A Crawley scaffolde has been prosecuted after workers were put at risk during refurbishment, says the Health and Safety Executive (HSE).
Following a complaint from a member of the public HSE visited the site at Upper High Street, Winchester, where Michael Alldis, trading as Southern Tube Scaffold of Buckswood Drive, Crawley, was contracted to provide a scaffold and a temporary roof.
West Hampshire Magistrates’ Court heard that no guardrails, harnesses or any other fall mitigation equipment was in place to protect workers on the roof from the risk of falling.
Items from the roof were also being removed in an unsafe manner potentially putting members of the public at risk, said the HSE.
Alldis pleaded guilty to breaching regulation 4(1)(a) and 6(3) of the Work at Height Regulations 2005 and was fined a total of £18,000 and ordered to pay full costs of £1,907.50.
After the hearing HSE Inspector Adam Wycherley said: “Although Mr Alldis was an experienced scaffolder, in this instance the standards of safety that he endorsed on site fell well below those expected during the dismantling of a scaffold.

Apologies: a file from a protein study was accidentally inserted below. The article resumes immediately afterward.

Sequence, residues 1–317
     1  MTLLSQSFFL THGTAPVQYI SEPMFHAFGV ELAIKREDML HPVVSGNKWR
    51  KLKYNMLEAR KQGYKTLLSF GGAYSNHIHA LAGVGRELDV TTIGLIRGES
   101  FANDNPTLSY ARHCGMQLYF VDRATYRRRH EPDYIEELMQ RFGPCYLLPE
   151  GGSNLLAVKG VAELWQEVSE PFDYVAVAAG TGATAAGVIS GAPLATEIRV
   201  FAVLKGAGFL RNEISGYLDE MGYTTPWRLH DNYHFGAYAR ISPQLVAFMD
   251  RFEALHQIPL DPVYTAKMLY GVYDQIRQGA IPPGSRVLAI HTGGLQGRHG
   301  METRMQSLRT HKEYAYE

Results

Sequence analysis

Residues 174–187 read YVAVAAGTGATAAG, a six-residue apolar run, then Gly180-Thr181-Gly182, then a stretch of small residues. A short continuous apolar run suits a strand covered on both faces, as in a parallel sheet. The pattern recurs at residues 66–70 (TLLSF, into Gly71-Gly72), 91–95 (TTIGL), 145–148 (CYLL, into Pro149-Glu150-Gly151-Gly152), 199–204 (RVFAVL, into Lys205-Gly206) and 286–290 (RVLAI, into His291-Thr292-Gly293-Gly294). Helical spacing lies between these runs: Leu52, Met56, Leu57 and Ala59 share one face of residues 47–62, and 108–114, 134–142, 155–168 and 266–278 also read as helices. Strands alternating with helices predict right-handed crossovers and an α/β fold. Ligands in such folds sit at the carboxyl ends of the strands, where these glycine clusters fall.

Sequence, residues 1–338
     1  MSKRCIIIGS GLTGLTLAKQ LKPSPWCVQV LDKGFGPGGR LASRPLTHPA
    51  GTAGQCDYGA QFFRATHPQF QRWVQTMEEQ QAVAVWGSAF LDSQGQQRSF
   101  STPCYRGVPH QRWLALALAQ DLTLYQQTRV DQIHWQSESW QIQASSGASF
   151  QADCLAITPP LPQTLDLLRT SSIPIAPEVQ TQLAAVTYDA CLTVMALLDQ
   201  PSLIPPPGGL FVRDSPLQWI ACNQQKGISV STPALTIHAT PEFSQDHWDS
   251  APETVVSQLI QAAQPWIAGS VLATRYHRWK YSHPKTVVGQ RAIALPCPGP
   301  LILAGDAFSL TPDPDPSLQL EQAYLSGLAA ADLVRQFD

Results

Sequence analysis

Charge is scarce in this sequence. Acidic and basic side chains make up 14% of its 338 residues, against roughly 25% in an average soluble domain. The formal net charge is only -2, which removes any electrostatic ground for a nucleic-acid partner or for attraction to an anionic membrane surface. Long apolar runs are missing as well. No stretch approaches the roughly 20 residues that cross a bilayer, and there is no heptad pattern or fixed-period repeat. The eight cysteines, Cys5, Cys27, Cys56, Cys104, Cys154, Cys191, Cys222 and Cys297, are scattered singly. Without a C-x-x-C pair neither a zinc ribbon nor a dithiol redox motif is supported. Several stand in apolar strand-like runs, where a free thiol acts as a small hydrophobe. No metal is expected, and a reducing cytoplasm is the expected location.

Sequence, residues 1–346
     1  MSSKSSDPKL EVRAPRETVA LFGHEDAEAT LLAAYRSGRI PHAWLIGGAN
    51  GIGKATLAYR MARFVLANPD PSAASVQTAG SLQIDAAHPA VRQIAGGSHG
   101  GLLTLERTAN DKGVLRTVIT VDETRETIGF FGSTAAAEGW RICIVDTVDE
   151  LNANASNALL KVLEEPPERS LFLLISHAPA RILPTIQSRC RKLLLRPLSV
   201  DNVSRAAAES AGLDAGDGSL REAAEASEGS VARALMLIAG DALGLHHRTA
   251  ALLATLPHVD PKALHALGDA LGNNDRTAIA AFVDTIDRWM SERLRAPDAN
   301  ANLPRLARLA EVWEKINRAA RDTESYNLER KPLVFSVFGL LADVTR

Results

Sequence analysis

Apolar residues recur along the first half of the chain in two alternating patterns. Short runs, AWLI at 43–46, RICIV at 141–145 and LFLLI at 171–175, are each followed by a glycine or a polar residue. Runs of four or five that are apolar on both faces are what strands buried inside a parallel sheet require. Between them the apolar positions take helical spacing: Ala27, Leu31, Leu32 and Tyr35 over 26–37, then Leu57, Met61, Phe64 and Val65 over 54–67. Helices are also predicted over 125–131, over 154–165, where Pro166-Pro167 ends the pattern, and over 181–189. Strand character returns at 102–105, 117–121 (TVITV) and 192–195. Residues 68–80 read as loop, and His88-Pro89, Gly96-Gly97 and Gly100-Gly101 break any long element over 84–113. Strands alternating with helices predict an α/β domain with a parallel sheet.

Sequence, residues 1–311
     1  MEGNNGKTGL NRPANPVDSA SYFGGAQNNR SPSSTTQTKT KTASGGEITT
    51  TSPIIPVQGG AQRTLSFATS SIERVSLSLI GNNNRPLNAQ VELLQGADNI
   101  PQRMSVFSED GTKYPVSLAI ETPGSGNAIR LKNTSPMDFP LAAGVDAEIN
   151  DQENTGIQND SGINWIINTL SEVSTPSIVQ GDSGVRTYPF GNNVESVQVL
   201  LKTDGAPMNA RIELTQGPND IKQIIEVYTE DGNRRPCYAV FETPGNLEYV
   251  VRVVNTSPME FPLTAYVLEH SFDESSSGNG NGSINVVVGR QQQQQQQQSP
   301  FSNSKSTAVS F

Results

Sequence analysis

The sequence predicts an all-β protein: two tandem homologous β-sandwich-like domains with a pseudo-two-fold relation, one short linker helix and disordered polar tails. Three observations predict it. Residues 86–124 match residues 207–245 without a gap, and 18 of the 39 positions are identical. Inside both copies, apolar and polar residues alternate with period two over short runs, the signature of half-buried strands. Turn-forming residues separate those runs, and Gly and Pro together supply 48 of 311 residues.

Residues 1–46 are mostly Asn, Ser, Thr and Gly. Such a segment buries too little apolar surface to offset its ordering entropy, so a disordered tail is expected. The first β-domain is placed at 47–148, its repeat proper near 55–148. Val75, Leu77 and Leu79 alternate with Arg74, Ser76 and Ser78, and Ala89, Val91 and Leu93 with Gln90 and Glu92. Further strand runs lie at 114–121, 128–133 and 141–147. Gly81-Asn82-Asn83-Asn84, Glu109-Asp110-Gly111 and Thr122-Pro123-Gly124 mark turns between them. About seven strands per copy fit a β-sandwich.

“Falls from height remain the most common form of workplace fatality – there is no excuse for not planning work at height properly or ensuring the appropriate safety equipment is used, the Scaffolding industry are well aware of the risks involved and the methods which should be put in place to manage these risks”
The Health and Safety Executive is Britain’s national regulator for workplace health and safety. It aims to reduce work-related death, injury and ill health. It does so through research, information and advice, promoting training, new or revised regulations and codes of practice, and working with local authority partners by inspection, investigation and enforcemen.